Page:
"We wanted to strengthen our core business -- they help us do that," said Girish Rishi, general manager of Motorola Solutions' Mobile Computing Division, pointing to the company's inventory management products. "They have rugged devices that go into harsh environments - we will see that in distribution centers, warehousing
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The executive, who was speaking at a Motorola retail technology event on Wednesday, told TheStreet that Psion devices are designed to reach into a number of industry sectors. "Across the industrial arena, we will see them being used," he said, citing the textile and automotive industries as examples.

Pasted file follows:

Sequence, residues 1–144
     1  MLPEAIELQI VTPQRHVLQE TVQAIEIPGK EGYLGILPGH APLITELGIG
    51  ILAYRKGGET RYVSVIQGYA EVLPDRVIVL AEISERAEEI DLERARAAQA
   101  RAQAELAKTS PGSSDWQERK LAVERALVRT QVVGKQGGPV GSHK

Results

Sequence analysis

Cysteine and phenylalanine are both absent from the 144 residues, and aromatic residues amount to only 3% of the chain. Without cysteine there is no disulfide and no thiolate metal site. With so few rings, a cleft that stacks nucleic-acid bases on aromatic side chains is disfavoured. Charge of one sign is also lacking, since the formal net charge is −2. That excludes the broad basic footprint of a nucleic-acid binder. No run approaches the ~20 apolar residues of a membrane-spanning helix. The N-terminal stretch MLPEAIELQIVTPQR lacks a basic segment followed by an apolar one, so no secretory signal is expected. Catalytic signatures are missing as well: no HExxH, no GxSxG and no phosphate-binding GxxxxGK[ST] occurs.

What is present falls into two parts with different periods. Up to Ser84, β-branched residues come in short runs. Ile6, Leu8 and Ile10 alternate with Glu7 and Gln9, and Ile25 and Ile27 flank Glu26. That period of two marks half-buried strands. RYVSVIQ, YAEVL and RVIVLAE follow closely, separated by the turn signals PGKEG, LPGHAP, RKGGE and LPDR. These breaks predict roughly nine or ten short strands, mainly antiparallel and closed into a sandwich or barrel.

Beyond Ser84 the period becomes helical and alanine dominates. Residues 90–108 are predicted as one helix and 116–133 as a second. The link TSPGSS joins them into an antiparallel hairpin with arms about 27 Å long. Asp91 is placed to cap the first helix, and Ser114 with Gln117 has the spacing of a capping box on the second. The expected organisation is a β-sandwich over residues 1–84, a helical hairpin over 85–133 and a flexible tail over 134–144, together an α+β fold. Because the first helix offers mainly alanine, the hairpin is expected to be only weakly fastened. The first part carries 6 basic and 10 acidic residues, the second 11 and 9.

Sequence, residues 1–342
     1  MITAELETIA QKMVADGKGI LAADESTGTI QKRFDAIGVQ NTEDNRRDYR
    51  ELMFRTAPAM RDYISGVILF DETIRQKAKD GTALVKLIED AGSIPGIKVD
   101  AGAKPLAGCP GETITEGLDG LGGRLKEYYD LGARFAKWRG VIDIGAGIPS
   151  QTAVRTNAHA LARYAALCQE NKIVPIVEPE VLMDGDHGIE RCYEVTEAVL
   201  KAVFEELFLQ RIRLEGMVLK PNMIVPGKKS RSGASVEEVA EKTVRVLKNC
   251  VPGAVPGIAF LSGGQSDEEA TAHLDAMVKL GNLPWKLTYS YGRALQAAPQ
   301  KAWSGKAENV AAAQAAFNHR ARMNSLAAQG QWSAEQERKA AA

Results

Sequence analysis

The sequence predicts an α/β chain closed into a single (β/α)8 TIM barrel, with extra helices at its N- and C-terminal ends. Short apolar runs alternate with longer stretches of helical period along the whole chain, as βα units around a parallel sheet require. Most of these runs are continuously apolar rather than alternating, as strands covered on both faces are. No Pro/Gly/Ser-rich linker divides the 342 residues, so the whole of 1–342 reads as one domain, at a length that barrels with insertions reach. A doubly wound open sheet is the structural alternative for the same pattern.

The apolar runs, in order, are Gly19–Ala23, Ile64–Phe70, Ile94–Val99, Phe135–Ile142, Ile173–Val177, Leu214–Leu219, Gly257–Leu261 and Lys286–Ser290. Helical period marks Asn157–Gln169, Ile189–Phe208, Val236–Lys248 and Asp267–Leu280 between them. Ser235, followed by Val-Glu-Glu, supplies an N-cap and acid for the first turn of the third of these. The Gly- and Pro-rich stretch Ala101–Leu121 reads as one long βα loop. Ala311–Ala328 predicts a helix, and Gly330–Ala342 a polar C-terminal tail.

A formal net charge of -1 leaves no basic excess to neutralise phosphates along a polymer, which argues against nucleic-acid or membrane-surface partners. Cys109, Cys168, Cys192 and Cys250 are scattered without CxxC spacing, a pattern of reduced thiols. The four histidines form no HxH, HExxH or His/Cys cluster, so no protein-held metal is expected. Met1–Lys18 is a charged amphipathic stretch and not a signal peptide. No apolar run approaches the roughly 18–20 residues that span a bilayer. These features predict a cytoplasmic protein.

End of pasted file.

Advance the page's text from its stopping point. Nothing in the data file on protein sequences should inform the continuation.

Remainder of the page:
Motorola announced its $200 million cash acquisition of Psion last week, highlighting the British firm's expertise in rugged handheld devices and vehicle terminals.Psion first came to prominence in 1980s Britain with its eponymous electronic Organiser, dubbed "the world's first practical pocket computer." The London-based firm's EPOC operating system was also the precursor to the Symbian mobile OS. With customers in more than 50 countries, Psion should help Motorola expand its channel presence, particularly in international markets, according to Rishi. The Motorola executive, however, said that the company has yet to decide whether to keep the Psion brand. "In the coming months, we will have a joint team that will work through integration," he said. "We will do a study and explore the marketplace to make a determination on whether the Psion brand is maintained." The Psion acquisition is expected to close in the fourth quarter of 2012 with the operations becoming part of Motorola Solutions' Enterprise Mobile Computing (EMC) business, reporting to Rishi. Motorola Solutions expects the deal to be accretive to its earnings per share on a non-U.S. GAAP basis in the first full year following completion of the acquisition, and on a U.S. GAAP basis in the second full year.